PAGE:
The “initialize()” method assigns input values to the “wheels” and “weight” variables. Methods are in place to retrieve the number of wheels and weight, along with one performing a simple calculation to yield the load on each wheel. While more complex methods will be explored later, our current focus is on setting up class interfaces, keeping the implementations straightforward.

This class is uncomplicated and serves as a building block for the upcoming program. In subsequent tutorials, we’ll utilize it as a base class. Compile the class in preparation for the next example, but note that it lacks an entry point and cannot be executed at this stage.

Using the Vehicle Class

The program named transport.cpp below uses the vehicle class in exactly the same manner as we illustrated in the last chapter.

Output of the Program:

This signals that the vehicle class is essentially a standard C++ class. However, we’ll give it a unique touch by utilizing it unaltered as a base class in the upcoming example files to showcase inheritance. Inheritance involves enhancing an existing class to perform another, potentially more intricate task.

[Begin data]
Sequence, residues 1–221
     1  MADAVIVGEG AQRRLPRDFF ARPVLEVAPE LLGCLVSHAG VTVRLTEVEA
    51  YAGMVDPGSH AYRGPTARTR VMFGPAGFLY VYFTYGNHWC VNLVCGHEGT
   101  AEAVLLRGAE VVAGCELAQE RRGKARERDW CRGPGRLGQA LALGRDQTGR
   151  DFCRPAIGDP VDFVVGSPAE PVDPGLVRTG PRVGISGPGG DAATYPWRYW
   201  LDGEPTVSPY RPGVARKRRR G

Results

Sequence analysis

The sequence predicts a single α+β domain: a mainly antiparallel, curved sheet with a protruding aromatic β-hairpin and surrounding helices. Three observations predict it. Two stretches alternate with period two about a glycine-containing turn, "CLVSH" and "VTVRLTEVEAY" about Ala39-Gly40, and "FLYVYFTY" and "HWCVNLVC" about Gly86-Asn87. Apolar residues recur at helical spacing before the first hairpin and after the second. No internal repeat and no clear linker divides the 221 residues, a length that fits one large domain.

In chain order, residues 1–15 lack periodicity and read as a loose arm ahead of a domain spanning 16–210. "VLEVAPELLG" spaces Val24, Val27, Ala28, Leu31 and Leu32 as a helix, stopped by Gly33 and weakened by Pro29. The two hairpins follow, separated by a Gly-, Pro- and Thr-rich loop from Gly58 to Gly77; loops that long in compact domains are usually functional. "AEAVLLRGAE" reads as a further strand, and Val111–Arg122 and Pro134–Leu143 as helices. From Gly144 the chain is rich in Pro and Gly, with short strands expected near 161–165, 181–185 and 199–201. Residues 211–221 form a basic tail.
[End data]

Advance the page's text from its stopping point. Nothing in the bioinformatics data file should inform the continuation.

Understanding the inner workings of this program should be easy. It declares four vehicle class objects, initializes them, and outputs selected data points to demonstrate that the vehicle class functions effortlessly as a simple class—just as it is. For now, we’re keeping it simple and avoiding terms like “base class” or “derived class,” which we’ll delve into shortly.

Introducing Derived Classes

Take a look at the program named “car.h” for our first example of utilizing a derived class, also known as a child class.

The magic happens on line 4 with the addition of “: public vehicle,” which signifies that the “car” class inherits from the “vehicle” class. This derived class, “car,” encapsulates all the information from the base class, “vehicle,” and adds its unique details. Although we made no alterations to the “vehicle” class, it becomes a base class due to our utilization here. Notably, it can continue being used as a simple class in the earlier example program while also serving as a base class in a subsequent example program in this chapter. Its classification as a simple class or a base class depends on how it’s employed.

You can read more about Encapsulation in this tutorial: Encapsulation

In object-oriented programming, a class inheriting another is often called a derived class or a child class. The proper C++ term is “derived class“. Similarly, the formal C++ term for the inherited class is a base class, but you might encounter “parent class” or “superclass.”